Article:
Discordant Development and Insecurity in Africa

Editor's Note: This chapter is part of the 2013 Foresight Africa full report, which details the top priorities for Africa in the coming year. Read the full report here.

Highlights

  • A root cause of insecurity and violent conflict in Africa that is often overlooked by security analysts is discordant development”— deepening inequalities and rapid progress juxtaposed with group distress.
  • Insecurity is the flip side of discordant development, whether previously in the oil-producing Ni­ger Delta, in recurrent inter-communal violence in the Middle-Belt (central Nigeria) and recently in the appalling onslaughts in the northeast attributed to Boko Haram.
  • A principal cause of discordant development is the African jigsaw bequeathed by the colonial carve-up of the continent.
  • Sustaining growth and avoiding discordant develop­ment require enlightened leaders, ro­bust democratic institutions and vigilant civil societies.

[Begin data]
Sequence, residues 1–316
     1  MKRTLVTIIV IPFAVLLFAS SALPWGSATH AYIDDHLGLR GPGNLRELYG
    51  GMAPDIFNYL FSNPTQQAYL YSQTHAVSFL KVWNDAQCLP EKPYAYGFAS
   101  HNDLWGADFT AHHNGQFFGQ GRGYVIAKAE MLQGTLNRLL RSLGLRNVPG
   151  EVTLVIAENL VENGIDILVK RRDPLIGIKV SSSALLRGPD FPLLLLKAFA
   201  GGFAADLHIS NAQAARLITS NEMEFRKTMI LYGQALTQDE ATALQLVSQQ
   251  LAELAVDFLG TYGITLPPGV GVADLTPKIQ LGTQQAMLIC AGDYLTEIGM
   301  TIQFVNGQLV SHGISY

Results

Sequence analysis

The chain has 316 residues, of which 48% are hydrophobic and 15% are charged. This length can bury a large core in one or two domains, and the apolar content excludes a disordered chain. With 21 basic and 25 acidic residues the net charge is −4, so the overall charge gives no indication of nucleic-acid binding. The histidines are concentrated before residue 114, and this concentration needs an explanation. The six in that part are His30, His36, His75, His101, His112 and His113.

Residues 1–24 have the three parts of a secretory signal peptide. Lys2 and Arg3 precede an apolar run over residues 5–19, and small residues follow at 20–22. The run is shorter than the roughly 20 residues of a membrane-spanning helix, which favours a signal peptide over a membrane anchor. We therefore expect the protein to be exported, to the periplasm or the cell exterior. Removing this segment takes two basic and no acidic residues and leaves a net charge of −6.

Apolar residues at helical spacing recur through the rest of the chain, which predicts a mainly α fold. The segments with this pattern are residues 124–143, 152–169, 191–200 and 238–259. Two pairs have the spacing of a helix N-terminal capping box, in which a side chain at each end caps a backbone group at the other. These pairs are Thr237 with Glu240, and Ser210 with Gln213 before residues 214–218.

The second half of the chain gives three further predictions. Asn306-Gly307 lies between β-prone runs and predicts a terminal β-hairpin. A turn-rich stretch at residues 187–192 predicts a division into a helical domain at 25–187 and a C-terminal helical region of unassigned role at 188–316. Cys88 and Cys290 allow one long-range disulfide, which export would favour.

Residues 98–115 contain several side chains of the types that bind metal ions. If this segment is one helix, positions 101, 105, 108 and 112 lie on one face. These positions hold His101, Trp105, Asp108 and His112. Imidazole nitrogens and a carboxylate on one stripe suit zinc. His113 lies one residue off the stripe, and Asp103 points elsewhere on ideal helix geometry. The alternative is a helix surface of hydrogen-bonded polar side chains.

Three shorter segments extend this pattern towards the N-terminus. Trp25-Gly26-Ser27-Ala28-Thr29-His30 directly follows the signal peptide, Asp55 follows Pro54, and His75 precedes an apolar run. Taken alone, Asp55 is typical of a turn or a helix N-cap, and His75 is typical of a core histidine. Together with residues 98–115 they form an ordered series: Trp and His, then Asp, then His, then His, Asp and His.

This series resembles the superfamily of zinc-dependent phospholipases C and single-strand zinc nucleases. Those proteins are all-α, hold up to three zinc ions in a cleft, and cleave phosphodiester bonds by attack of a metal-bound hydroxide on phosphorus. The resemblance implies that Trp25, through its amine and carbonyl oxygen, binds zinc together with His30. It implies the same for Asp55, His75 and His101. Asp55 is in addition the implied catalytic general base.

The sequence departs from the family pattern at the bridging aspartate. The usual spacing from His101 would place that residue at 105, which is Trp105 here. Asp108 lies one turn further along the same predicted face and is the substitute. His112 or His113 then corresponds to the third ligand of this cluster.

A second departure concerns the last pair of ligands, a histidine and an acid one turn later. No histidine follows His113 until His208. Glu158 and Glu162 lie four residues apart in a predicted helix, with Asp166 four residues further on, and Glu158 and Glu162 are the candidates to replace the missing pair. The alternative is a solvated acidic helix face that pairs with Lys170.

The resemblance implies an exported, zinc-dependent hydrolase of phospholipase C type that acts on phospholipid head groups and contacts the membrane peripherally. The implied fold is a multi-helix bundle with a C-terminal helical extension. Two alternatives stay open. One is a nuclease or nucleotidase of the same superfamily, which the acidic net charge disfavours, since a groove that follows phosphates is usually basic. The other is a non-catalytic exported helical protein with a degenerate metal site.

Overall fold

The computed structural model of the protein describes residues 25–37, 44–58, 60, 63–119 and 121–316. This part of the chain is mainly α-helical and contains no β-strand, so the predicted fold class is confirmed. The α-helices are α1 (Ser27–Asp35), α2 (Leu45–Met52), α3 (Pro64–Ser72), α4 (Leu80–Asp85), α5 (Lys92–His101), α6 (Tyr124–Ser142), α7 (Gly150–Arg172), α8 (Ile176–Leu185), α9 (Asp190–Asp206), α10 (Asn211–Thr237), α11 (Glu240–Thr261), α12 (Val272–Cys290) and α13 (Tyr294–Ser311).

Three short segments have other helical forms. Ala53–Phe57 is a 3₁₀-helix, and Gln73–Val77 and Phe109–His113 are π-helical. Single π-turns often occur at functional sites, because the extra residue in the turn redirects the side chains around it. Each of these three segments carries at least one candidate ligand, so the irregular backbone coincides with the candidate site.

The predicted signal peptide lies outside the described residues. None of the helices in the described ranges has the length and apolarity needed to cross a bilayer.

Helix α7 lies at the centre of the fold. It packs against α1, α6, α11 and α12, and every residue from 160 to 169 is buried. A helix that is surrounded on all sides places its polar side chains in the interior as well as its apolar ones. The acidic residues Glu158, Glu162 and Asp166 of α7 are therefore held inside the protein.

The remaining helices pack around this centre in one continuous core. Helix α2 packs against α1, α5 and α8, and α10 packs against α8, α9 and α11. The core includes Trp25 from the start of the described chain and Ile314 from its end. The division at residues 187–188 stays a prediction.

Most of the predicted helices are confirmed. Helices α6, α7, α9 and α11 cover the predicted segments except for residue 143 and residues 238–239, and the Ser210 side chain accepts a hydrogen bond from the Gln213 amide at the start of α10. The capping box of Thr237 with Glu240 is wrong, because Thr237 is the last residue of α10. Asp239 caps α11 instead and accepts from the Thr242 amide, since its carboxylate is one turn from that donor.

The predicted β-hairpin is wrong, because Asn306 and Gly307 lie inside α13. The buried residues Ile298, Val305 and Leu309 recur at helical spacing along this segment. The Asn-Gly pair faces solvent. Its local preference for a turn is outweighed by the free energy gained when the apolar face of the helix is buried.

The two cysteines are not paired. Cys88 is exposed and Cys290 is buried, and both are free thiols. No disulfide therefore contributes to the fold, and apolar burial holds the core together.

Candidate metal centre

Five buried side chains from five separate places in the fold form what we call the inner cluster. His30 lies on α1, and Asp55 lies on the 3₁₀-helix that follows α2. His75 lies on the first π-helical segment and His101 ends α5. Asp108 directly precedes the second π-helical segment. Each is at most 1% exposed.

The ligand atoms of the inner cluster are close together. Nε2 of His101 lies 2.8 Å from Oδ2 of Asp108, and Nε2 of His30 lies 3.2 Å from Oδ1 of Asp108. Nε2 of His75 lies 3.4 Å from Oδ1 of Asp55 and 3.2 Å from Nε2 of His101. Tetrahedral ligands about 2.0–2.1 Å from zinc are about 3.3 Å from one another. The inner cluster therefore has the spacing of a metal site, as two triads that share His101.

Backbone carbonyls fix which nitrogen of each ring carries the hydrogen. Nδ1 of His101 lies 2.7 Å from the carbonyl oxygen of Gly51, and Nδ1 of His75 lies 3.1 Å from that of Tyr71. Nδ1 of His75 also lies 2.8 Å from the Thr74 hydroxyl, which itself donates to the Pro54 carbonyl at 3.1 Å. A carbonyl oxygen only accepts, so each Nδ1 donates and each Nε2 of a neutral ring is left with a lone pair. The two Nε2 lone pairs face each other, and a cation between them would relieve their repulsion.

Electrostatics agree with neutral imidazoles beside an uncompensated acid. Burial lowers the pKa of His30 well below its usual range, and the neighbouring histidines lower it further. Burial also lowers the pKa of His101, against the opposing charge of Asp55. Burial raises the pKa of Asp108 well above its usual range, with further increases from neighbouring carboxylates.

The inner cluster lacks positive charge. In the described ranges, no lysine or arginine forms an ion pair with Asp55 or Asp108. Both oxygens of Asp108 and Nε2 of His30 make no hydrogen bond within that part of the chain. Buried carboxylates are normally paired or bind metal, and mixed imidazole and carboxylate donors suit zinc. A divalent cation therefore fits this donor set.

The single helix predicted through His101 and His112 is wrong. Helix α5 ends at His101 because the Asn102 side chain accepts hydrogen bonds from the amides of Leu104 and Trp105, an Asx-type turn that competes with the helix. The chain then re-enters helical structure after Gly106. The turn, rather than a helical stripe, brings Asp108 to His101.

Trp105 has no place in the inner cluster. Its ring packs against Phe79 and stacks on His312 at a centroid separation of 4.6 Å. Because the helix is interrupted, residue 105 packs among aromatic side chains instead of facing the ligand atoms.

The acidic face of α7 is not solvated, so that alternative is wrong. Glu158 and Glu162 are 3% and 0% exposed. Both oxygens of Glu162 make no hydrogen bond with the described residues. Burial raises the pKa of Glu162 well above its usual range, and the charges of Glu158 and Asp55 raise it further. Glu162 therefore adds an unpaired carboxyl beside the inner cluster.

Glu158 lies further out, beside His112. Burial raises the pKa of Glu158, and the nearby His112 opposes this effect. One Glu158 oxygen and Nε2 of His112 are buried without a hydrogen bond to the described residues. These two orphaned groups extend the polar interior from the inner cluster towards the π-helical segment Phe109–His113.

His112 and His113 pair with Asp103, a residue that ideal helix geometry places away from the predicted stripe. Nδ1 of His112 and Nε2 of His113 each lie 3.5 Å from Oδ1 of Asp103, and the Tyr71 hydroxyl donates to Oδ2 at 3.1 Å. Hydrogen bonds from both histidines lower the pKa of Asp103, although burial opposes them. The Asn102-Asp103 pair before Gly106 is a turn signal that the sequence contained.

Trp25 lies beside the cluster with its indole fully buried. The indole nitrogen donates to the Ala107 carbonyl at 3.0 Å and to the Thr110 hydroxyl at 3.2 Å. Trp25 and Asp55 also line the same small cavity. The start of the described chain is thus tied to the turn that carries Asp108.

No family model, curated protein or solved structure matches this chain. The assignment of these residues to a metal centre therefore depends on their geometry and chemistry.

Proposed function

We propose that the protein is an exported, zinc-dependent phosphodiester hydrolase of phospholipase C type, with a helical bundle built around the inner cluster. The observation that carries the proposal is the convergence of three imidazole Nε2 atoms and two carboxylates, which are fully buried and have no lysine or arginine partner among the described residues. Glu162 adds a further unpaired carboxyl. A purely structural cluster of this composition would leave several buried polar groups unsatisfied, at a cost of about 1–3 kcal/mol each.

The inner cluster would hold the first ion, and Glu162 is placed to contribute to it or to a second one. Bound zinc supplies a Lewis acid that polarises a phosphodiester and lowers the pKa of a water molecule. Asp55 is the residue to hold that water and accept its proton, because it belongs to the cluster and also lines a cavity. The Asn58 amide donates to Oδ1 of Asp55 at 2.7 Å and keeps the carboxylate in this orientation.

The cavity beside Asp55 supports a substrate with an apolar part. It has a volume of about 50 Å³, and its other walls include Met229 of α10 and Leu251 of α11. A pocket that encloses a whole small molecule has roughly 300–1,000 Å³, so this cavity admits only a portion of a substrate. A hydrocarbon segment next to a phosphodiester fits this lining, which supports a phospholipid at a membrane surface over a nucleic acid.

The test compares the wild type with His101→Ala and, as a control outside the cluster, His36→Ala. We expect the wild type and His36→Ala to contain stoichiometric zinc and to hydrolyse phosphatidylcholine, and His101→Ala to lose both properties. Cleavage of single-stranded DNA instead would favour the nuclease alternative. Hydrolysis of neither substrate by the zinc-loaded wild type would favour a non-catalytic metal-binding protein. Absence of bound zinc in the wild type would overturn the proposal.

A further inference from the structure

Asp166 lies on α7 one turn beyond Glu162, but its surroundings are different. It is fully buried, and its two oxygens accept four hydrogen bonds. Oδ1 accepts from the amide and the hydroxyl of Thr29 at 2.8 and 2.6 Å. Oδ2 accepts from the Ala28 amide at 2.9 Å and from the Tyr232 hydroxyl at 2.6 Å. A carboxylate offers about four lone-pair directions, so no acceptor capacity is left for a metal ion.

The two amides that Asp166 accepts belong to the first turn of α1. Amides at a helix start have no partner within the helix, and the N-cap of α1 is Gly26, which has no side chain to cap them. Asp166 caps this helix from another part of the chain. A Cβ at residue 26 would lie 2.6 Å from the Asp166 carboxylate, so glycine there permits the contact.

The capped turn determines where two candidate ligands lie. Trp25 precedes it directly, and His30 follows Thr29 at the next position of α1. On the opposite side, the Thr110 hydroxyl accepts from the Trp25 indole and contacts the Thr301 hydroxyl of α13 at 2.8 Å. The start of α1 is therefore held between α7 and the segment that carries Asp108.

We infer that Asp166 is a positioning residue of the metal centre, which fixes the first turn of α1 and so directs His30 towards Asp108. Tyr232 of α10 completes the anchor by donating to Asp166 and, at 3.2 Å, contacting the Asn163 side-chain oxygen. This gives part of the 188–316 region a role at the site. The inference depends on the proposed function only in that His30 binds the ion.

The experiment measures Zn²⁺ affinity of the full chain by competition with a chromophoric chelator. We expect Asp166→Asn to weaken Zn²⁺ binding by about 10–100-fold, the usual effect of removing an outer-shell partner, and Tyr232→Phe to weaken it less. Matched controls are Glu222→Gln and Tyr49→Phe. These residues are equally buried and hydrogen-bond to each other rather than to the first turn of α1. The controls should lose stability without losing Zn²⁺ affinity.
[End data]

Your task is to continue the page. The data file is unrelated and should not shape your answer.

Richard Joseph explores how “discordant development”—deepening inequalities and rapid progress juxtaposed with group distress— is often one of the root causes of uncertainty, insecurity and violent conflict in Africa.  For example, Mali and Ghana have experienced similar growth rates but Mali is sundered and in disarray, while Ghana has experienced both political and economic progress.

Joseph discusses the causes of discordant development and provides recommendations for how policymakers can begin tackling this problem in order to address broader issues of insecurity.  Joseph contends that sustaining growth and avoiding discordant develop­ment require not only enlightened leaders but also ro­bust democratic institutions and vigilant civil societies.  He warns development officers and political leaders against viewing Africa solely through “polarizing lenses,” either screening out security challenges in growing economies or overlooking axes of growth in conflict-plagued societies.